Today was an incredibly early day! To get to Seward for the Kenai Fjords tour by 11 AM, we needed to be leaving Homer by 6:45 AM.  After getting in the bus, the majority of us instantly fell asleep. Some caught up on their journals or worked on the class paper, but willpower faded into sleep.  We got to Seward early and ready for the tour! We toured with the Kenai Fjords Tours out in Resurrection Bay.  Boating out into sea, we saw a little wildlife including two eagles and many other birds.  However, we hit the jackpot with our first whale sighting! A pod of orcas with a baby were swimming in a cove near Seward.  After watching them for a while, the curious orcas swam right up to the bow of our boat! With that topping off the beginning of the trip, we headed over to a glacier.  On our way, we saw a group steller sea lions.  For the view individuals who stayed at the bow of the ship, they were almost blown away by the intense winds created by the boat.  Once at the glacier, our captain talked about the loss of glacial ice over the years as well as the anatomy of the glacier.  Unfortunately, we only got to see a few small ice chunks calve off the glacier.  Heading back out to open ocean, we hit really rough water.  The boat was bouncing almost as bad as the small water taxi after our sea kayaking adventure.  From a distance, we saw a north pacific humpback whale and some dall porpoise.  Usually the porpoise love to play with the boat and chaise it; however, these ones were not interested.  The captain then took us to an island complex where tons of birds where roosting.  While traveling around the island, we saw a bald eagle snatch a bird clean out of the water! We traveled to a couple different islands in an attempt to see roosting puffins.  We saw many other roosting birds, but only saw a few flying puffin.  Heading back through choppy water, the crew of the ship made us chocolate chip cookies which tasted excellent after a long day out in the cold wind.  The total runtime of the tour was approximately six hours.  By the end, everyone was exhausted.  For dinner, we ordered in pizza and everyone enjoyed a meal together.  The rest of the evening was spent hanging out together and writing both journals and our final paper. 

(C) 2014. All photos below are the property of Benjamin Bogard. All rights reserved.






 

Tuesday, May 20, 2014

Day 19: May 18th



Sea kayaking today!

In the morning, after a quick breakfast, the group traveled down to the spit to meet up with our sea kayaking guides.  We took a sea taxi, a small boat, across the water to a small bay where our kayaks were located.  With an even number of students, we were situated into two person kayaks.  Each person received a splash skirt which covers the opening of the kayak (since sea Kayaking is considered a dry sport) and a life preserver for safety.  To begin, we learned how to enter and exit the kayak from the dock, and also how to safety exit in the event of a capsize. Luckily, no one tipped over their kayak.  We first traveled along the shore of the bay, looking at starfish and the occasional sea otter enjoying a meal.  We then circled back and cut across the bay to get back to the dock for lunch.  Unfortunately, because of windy conditions and rough waters, we weren’t able to complete the rest of the tour.  The ride back was grueling as our little sea taxi bobbed up and down on the swells of water.  Our guides navigated the boat to the best of their ability and tried to make our ride as comfortable as possible.  They were also generous to refund part of our expenses since the trip was cut short.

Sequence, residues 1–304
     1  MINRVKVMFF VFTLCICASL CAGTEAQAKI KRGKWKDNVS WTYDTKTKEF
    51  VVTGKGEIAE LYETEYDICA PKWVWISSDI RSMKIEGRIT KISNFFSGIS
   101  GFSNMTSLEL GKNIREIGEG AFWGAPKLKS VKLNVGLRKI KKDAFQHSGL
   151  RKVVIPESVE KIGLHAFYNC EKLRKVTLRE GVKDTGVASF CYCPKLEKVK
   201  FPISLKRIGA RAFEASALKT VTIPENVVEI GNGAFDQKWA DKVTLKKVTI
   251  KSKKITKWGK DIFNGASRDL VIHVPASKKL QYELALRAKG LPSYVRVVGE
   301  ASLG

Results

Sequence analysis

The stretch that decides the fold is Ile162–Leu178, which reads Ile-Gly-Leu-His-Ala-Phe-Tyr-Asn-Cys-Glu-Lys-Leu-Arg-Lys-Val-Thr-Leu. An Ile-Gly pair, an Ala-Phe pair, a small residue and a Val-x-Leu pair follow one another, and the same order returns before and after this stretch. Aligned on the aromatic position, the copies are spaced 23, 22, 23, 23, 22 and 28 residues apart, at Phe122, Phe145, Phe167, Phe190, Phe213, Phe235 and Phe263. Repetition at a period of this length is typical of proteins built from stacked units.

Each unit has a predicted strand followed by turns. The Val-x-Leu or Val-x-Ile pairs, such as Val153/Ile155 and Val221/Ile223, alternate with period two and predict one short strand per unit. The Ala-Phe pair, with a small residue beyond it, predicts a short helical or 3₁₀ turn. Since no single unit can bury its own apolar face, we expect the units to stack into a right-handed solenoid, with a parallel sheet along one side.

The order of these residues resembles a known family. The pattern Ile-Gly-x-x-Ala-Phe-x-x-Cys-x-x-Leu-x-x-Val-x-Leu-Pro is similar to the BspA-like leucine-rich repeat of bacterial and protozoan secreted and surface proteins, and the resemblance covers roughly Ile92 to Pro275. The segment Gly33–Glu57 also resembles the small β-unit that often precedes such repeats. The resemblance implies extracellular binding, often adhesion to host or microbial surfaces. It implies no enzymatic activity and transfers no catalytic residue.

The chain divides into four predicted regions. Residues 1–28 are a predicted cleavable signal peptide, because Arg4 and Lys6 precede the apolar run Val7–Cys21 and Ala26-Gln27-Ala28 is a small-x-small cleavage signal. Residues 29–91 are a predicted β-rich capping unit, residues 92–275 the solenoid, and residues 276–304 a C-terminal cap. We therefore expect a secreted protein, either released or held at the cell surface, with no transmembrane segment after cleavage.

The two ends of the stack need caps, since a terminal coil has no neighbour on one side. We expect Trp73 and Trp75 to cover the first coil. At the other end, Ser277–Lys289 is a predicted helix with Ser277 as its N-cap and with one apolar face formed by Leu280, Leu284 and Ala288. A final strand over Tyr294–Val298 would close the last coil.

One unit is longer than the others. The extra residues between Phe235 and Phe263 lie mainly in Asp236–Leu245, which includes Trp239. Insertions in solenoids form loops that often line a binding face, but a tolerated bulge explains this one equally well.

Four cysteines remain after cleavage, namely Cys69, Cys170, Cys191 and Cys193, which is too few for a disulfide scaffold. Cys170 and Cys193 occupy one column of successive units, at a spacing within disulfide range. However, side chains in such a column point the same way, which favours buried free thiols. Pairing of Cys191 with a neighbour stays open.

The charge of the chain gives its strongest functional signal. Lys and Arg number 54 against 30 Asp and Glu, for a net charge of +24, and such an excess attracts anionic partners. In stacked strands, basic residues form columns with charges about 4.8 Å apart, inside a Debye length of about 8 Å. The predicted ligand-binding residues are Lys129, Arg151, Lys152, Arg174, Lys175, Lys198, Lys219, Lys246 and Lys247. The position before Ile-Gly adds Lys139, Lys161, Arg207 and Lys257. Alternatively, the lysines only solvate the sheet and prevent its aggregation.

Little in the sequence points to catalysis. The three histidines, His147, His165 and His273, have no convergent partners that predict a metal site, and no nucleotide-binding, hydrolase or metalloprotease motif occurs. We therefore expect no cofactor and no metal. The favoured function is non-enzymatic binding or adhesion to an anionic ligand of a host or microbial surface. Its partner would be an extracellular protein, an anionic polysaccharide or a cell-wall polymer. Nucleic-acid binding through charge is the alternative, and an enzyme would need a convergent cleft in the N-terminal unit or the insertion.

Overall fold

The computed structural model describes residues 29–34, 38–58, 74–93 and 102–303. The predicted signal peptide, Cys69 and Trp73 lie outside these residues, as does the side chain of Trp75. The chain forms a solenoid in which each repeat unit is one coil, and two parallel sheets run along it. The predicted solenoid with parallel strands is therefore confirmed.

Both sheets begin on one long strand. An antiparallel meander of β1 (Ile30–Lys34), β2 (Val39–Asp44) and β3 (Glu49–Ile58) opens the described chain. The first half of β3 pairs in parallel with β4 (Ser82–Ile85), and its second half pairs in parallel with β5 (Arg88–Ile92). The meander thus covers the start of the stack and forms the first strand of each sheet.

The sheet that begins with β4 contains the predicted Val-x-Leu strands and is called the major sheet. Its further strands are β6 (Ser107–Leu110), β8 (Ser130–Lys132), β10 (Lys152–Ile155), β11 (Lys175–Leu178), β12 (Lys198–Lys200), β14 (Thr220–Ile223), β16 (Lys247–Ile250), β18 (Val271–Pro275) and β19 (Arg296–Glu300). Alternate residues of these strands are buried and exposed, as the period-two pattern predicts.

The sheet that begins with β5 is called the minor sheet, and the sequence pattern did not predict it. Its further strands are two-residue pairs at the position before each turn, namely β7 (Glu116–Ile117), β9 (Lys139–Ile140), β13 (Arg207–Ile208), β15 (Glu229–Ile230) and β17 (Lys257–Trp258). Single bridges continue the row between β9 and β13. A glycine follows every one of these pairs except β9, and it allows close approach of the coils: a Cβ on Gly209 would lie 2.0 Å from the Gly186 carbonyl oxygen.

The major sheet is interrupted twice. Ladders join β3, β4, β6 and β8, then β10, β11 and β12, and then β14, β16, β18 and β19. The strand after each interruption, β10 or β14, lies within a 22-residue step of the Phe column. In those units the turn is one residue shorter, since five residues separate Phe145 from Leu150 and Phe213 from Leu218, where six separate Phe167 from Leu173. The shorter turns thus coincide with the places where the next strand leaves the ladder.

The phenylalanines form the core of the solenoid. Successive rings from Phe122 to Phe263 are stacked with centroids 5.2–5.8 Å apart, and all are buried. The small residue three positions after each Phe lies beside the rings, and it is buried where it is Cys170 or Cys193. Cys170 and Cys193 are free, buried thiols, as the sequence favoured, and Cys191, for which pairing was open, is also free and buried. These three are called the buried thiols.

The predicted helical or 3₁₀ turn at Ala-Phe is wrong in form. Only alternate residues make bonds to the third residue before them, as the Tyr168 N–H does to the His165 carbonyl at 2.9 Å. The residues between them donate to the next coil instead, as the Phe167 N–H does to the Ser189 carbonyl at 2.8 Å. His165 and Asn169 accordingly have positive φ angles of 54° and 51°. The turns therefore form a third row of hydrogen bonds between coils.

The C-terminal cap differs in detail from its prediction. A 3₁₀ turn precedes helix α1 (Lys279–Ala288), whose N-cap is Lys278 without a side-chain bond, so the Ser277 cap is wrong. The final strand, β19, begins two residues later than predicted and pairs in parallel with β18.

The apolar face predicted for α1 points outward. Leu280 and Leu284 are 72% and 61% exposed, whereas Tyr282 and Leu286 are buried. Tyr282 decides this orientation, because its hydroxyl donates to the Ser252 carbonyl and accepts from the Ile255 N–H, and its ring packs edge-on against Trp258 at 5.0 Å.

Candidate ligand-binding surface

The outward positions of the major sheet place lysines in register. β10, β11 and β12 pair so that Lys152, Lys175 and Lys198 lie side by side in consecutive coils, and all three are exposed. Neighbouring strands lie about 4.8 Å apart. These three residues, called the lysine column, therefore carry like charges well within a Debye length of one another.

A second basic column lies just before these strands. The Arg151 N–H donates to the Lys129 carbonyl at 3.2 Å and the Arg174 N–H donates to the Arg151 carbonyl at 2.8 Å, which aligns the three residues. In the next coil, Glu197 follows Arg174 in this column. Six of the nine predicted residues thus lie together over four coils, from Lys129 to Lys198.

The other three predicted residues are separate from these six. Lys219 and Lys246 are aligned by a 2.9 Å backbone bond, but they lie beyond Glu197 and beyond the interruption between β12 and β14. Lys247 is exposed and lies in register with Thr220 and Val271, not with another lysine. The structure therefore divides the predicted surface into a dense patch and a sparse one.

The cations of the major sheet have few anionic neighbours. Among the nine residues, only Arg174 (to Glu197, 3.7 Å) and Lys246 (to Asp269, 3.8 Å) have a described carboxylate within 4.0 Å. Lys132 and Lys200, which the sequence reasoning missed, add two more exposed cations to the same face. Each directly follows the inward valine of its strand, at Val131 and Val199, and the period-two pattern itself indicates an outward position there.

The rest of the day was used to relax.  After a good workout from kayaking, many students took a nap while other wrote in their journals or worked on their class papers.  Since it was our last day in Homer, we all celebrated by going out to eat.  We chose Captain Pattie’s Fish House for dinner after a local recommendation.  The food was phenomenal!  As sea food restaurant, Captain Pattie’s offered fresh, flakey cuts of halibut and salmon, as well as scallops, prawns, and crab.  With so many options, a couple people split a sea food sampler while others knew exactly what they wanted and enjoyed sea food pastas, clam chowder, crab legs, and oysters. A select few also enjoyed homemade desserts which could be classified as sweet morsels from heaven.  

With an early morning tomorrow, after dinner, everyone went back to the Ocean House Inn to digest and pack. 

(C) 2014. All photos below are the property of Benjamin Bogard. All rights reserved.




 

Stay tuned!

More blog posts and recap videos coming soon!

Day 18: May 17th



Second day in Homer

Today was an adventure in Alaskan Culture.  In the morning, we stopped at a local bakery for breakfast and then headed over to the Pratt Museum.  The Pratt Museum highlights the cultures of Kachemak Bay, the region surrounding Homer. It includes a small marine life viewing area as well as a historic log cabin.  For lunch, we stopped and another local place which is a favorite of Susan.  The cafĂ© was called Veronica’s Coffee House and they sold a variety of coffees and teas, as well as artisan soups, sandwiches, and wraps. The food and drinks were absolutely delicious!

After lunch, we headed to Kenai to visit the Holy Assumption of the Virgin Mary Russian Orthodox Church.  Susan is friends with Reverend Thomas Andrew who works at the church.  He met us at the building to explain the history of the Russian Orthodox Church and its history in Alaska specifically. 
Later that afternoon, we traveled back to Homer and walked along the spit.  The spit is area on the coast which small shops and restaurants as well as docs for fishing boats.  Fans of The Deadliest Catch found the Time Bandit, the boat from the show, in the harbor and got as close as they could for a picture.  Others wandered through gift shops and walked along the cost, enjoying the ocean air and mountain scenery.
 
In the evening, it was time for grilling! Tyler and our driver Gary cooked chicken, brats, and hot dogs to perfection while some walked along the beach or enjoyed the hot tub.  In the middle of dinner, a bald eagle soared past.  To our excitement, it joined four other eagles on the beach who were fighting over a dead seal.  For the remainder of the evening, everyone hung out together, appreciating the beautiful mountains, occasionally eagle, and excellent friendships that we made on the trip. 

(C) 2014. All photos below are the property of Benjamin Bogard. All rights reserved.